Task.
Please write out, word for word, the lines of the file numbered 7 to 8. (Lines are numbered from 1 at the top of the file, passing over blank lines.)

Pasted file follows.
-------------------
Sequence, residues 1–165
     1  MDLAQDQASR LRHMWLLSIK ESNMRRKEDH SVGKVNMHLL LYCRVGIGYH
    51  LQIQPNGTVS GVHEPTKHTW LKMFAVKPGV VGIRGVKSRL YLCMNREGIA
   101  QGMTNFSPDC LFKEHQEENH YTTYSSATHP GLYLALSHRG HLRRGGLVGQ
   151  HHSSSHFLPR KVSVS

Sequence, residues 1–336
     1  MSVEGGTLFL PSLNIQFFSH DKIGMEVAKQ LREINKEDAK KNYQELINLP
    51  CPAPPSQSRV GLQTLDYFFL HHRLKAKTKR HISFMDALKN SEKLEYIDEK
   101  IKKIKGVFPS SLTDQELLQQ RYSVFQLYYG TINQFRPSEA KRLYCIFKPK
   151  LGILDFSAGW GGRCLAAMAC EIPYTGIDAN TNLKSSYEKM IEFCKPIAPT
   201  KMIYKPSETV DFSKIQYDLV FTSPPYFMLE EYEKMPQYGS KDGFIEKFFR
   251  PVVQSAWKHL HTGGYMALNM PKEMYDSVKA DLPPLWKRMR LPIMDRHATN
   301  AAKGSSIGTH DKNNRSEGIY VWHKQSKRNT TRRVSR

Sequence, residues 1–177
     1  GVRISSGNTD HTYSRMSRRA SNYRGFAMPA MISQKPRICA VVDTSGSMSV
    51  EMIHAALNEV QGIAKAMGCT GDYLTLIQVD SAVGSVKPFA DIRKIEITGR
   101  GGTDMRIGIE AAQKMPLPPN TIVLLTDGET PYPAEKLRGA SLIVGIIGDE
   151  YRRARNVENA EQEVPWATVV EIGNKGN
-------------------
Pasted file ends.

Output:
     1  MSVEGGTLFL PSLNIQFFSH DKIGMEVAKQ LREINKEDAK KNYQELINLP
    51  CPAPPSQSRV GLQTLDYFFL HHRLKAKTKR HISFMDALKN SEKLEYIDEK